of WaitNextEvent and Thread Priorities and Ceiling Whacks

Member
Posts: 145
Joined: 2002.06
Post: #1
In 9 everything is easy: don't call WNE unless your life depends on it Smile.

But I remember hearing a while back on mac-games-dev that in X, not calling WNE results in the thread scheduler downgrading your thread's priority. IIRC the outcome of this whole discussion was that when in X, unless you're using CarbonEvents, you should call WaitNextEvent with a sleep time of 1. Does anyone have supporting evidence for this?

"He who breaks a thing to find out what it is, has left the path of wisdom."
- Gandalf the Gray-Hat

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Luminary
Posts: 5,143
Joined: 2002.04
Post: #2
It was never quite cleared up precisely what happens to you if you don't give the OS time, but enough people report enough bad stuff happening for me to believe them Smile. One thing you can rely on is getting a spinning beach-ball cursor.

On OS 9, calling WaitNextEvent(0) was also a reasonable option -- the system got time, but you got control back ASAP. Many games successfully used this route. OS X, however, has a special case on WNE(0) to replace the 0 with a much longer sleep time. This was an attempt to "fix" many older applications' CPU usage without forcing a recompile.

If you call WNE(1), you should avoid the special case, and avoid any penalization for not giving the OS time. However, you will not, under any circumstances, be returned control before that 1/60th of a second is up, even if nobody else needs the CPU time.

The solution to all of this is, of course, Carbon Event timers. Set up a timer to fire every millisecond, so you'll be called back as often as the scheduler allows, and either pass a very long sleep time to WNE, or use RunApplicationEventLoop. The very high-frequency timer means that if nothing else requires the CPU, you will get it. Because you spend all the time you can blocked in RAEL, you won't be punished.

If you find that even with Carbon Event timers and RAEL you're still getting a jerky frame-rate when other programs are running, there is a way to put yourself on fixed-frequency scheduling. That means that, although you don't get any more CPU time than normal, you are guaranteed to get it regularly. Most people won't find this necessary, but some people have reported good success with it. You'll need to search the archives of the mac-games-dev list to find out how: http://lists.apple.com Smile

There's also a very detailed discussion of precisely how the OS X scheduler works on that list.
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Griggs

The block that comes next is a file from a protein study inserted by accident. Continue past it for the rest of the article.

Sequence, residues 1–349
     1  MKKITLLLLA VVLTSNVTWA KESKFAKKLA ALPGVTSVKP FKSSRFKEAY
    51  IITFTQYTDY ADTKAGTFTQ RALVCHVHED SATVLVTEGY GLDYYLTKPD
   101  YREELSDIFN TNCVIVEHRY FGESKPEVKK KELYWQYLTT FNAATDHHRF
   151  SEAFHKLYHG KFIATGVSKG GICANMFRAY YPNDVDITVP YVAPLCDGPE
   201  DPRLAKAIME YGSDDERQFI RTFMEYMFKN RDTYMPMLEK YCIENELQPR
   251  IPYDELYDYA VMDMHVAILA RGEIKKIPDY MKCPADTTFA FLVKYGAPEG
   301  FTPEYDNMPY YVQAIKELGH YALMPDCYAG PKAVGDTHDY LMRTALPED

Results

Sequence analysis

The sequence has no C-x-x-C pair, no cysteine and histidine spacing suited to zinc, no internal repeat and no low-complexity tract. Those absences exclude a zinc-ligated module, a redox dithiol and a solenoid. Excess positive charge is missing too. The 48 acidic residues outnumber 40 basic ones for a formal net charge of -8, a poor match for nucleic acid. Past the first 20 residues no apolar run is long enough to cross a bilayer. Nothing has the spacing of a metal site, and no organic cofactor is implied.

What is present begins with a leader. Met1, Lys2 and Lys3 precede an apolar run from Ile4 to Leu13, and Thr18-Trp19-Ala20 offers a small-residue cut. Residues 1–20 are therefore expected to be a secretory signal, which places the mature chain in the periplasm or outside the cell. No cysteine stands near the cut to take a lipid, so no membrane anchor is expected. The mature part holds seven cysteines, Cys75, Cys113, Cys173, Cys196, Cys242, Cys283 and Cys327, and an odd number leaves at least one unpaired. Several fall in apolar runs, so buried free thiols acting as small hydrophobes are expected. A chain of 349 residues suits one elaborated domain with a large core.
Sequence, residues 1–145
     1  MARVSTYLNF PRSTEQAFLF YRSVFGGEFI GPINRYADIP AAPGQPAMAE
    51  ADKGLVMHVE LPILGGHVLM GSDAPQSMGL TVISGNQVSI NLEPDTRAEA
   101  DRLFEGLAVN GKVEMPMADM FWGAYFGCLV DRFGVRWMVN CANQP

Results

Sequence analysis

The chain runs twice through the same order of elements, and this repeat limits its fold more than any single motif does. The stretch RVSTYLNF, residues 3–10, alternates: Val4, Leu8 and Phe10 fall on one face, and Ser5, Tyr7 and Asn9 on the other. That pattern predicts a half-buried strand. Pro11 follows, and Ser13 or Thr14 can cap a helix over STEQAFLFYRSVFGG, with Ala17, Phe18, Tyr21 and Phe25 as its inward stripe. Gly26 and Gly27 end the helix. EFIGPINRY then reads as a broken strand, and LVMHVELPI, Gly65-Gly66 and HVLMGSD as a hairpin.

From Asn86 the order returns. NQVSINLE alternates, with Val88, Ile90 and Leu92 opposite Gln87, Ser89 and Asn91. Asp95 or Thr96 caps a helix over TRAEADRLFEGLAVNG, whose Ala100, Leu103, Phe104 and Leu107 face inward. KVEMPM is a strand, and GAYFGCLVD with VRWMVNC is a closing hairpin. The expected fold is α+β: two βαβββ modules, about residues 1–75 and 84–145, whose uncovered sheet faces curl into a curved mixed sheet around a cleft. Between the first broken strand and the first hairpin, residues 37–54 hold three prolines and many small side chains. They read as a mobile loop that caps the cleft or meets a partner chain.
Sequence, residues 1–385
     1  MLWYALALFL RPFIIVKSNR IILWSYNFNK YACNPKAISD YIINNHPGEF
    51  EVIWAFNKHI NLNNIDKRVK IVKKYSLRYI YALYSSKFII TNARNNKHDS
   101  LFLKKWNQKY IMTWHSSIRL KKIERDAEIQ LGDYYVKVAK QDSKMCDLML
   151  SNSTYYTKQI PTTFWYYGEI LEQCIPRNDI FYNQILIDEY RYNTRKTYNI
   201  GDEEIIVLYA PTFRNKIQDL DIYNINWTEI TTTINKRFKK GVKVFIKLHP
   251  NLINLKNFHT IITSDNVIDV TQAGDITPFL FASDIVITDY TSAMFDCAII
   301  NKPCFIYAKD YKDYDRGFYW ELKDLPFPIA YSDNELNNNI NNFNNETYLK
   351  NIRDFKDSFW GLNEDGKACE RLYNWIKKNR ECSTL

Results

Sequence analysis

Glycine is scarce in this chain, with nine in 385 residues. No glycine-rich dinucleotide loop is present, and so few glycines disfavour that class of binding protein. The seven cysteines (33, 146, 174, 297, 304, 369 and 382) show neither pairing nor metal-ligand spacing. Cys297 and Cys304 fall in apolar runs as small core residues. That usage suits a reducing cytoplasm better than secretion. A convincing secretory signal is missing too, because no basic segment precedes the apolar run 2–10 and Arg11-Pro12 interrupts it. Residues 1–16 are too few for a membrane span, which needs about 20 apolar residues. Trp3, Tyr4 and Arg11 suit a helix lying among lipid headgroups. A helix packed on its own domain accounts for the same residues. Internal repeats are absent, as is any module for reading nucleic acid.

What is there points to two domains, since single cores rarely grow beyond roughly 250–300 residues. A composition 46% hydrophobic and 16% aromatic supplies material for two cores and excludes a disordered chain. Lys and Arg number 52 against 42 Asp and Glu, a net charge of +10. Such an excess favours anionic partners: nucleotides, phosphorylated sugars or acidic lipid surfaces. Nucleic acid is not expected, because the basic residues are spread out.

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Post: #3
I am currently calling ReceiveNextEvent(0, NULL,0,...) to give me more time (timeout = 0), would I be penalized for this too?
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Member
Posts: 446
Joined: 2002.09
Post: #4
CarbonEvents with RNE works extremely well for me in both OSX and OS9. Here's the event loop (more or less) from a project I'm currently working on:
Code:
while (!gQuit)
{
    if (gInBackground)
        wait = kEventDurationSecond/100;
    else
        wait = kEventDurationNoWait;

    ReceiveNextEvent(0, NULL, wait, true, &theEvent);
    
    if (theEvent)
    {            
        SendEventToEventTarget (theEvent, theTarget);        
        ReleaseEvent (theEvent);
    }
    
    /* Run a frame here, using the time delta since the last frame */
}
This reports up to 100% usage in ProcessViewer while in front (basically uses as much as it needs), and 0-5% in the background. You can actually take it one step further and use a wait of "kEventDurationForever" if the app is hidden, but that could mess up stuff in the main loop that requires semi-regular updates (like networking). I've haven't seen any OSX scheduler "bullying" problems (or beachballs) using this loop.

I found that RAEL with a timer running frames is *too* generous to background tasks and generally unreliable. RAEL is easier to use however, and handles nitty-gritty stuff that you need to take care of manually with RNE (apple events, menus, etc.) so it should be fine for puzzle-type games where a consistant frame rate isn't that important.
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Griggs
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Post: #5
OK, good. That is almost exactly what I have been doing, though I hadn't thought to change the wait while in the background. I will add that.

I'm happy to hear that my solution isn't being punished Smile
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